Silicon gel sheets are widely available on the market and can be bought at most pharmacies and many online retailers.
Vitamin E Coupled with Occlusion.
The use of topical Vitamin E based products (gel, oil, and ointments) have been shown a real efficacy in the eventual reduction in the size of the Keloid over a long period of time (several months). Therefore this solution on its own is not suitable for most people, because the use of this type of products can hardly be sustained over long periods. Likewise, as we know, the main problem with occlusion, used on its own, is the impracticality of wearing silicon sheets or gel products over long periods during the day (over 10 hours per day) and over sustained long periods of time (over 6 months). However, the combination of occlusion and the use of Vitamin E based products appears to be far more practical as the results are achieved much faster, usually within 2 months with an appropriate everyday use.
The reason for silicon occlusion to be effective in the treatment of Keloids is the "direct action on the fibroblasts and a hyperhydration of Subcutaneous tissue". Because generally the use of occlusion in aesthetic is successfully used for amplifying the subcutaneous delivery of active substances. Therefore applying Vitamin E on to the Keloid coupled with the occlusion effect of silicone sheets speeds up the Keloidal shrinkage process which would otherwise be possible. To view the related scientific study showing the efficacy of Vitamin E coupled with occlusion in Hypertrophic scar and Keloid treatment please Click Here. Please note that results vary according to the type of topical Vitamin E based product, time of occlusion carried out during the day.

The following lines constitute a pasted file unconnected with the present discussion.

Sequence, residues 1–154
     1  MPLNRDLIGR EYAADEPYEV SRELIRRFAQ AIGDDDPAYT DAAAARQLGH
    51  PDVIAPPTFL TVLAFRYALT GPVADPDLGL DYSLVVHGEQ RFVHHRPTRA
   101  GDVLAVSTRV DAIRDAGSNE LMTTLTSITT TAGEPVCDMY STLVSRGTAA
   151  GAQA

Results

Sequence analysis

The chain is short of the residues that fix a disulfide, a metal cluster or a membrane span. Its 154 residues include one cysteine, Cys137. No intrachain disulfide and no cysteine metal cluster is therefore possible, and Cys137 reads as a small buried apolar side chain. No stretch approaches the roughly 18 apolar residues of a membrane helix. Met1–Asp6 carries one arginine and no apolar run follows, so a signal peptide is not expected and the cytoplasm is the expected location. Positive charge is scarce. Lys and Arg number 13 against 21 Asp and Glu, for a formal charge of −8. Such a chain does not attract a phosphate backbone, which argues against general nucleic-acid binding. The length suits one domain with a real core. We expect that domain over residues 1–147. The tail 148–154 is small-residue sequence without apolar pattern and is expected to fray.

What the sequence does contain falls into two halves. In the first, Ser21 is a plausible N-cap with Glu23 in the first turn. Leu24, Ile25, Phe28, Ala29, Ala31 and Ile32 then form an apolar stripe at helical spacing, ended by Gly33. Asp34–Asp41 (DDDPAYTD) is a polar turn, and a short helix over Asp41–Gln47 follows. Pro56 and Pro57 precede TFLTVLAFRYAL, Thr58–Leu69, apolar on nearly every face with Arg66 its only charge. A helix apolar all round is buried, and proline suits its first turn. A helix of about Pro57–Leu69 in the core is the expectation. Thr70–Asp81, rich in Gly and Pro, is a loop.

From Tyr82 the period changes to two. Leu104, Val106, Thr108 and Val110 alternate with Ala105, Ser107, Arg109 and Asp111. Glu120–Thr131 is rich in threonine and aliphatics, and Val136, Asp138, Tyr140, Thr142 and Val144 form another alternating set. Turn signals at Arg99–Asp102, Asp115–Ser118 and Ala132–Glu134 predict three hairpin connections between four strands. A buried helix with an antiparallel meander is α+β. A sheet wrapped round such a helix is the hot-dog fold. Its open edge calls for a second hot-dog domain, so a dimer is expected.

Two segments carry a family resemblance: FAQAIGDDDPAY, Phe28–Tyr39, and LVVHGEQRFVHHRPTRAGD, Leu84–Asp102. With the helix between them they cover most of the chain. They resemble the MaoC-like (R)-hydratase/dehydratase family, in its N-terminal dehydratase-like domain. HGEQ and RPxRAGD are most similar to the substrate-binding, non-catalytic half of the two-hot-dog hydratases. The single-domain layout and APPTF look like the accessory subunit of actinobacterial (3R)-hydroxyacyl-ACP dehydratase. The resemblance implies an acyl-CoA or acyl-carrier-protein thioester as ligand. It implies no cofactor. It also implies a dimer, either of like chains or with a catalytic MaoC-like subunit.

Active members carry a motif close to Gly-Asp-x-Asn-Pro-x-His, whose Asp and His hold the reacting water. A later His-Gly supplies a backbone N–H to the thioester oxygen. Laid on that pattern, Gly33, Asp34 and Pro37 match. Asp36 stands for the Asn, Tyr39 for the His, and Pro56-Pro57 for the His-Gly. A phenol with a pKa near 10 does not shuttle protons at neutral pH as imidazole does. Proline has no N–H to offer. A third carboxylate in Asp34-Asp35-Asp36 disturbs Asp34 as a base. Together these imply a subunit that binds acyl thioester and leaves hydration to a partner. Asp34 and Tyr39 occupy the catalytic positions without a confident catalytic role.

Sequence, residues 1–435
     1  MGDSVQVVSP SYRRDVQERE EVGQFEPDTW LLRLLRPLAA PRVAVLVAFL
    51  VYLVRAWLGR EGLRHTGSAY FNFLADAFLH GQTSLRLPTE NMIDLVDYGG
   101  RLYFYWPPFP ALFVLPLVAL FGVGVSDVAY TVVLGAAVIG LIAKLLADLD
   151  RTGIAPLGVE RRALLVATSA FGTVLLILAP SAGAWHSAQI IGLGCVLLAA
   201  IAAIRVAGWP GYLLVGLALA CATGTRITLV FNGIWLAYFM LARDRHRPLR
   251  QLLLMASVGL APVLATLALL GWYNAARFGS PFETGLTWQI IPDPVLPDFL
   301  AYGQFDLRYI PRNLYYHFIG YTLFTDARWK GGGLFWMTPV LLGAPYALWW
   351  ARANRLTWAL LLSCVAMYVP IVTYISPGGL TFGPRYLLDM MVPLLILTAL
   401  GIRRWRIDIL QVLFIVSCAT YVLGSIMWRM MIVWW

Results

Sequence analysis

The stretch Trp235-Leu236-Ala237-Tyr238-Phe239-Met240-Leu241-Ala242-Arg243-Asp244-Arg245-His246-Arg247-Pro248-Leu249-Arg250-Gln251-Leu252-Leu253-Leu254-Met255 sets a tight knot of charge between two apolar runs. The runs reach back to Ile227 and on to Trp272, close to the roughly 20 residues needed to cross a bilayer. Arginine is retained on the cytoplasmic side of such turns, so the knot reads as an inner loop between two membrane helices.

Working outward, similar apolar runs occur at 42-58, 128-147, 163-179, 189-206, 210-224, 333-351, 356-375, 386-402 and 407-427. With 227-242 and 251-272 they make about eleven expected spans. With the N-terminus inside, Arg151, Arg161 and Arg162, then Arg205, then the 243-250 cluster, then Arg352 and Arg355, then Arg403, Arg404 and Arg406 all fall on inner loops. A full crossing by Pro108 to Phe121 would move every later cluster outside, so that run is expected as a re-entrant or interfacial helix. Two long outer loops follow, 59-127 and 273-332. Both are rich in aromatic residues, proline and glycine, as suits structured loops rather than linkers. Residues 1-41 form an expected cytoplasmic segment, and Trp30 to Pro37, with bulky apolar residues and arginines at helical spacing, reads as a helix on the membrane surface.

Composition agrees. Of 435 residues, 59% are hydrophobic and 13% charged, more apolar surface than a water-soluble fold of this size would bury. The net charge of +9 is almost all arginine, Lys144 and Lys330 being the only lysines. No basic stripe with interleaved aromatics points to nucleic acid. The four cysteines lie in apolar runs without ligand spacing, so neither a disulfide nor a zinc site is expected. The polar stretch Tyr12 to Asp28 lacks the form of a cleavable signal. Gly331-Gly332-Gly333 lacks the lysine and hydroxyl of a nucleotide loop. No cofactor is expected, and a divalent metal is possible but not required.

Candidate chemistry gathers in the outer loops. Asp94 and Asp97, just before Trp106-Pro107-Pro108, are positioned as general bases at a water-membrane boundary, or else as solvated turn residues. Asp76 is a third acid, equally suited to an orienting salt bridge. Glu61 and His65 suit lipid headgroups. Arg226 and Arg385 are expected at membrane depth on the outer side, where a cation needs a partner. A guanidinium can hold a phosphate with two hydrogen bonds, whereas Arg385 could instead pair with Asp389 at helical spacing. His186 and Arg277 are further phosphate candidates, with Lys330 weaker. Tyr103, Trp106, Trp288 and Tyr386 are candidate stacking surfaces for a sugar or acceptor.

Keloids are fundamentally different from Hypertrophic scars. Keloid removal treatment is not always simple as it is in the case of hypertrophic scars.This is because, unlike Hypertrophic scars, Keloids tend to "grow back" after any ablative treatment.
There are two main types of possible effective treatments:
- Professional. The first line of treatment is the use of Intralesional corticosteroid injections. Failing that the preferred option is the use of ablative treatments (Physical removal of the Keloids) combined with some other recurrence inhibition treatment. There are also several other options, however, they are not frequently used yet.
- Home treatments. The most successful type of home treatment is the use of suitable Vitamin E topical products, combined with occlusion. If carried out appropriately, this type of treatment has been shown to reduce the size of most Keloids within 2 months.
Both professional and home treatments are effective.
Professional treatments bear the advantage of allowing the Keloid removal with high success rate within one (or multiple) sitting(s) without the client needing to wear patches on his own. The main disadvantage is the higher costs and the potential side effects.
Home treatments are effective however, this does require the sustained daily use of Vitamin E based product coupled with occlusion over an extended period of time during the day and over several weeks. The main advantage is the lower costs and the very low likelihood of side effects.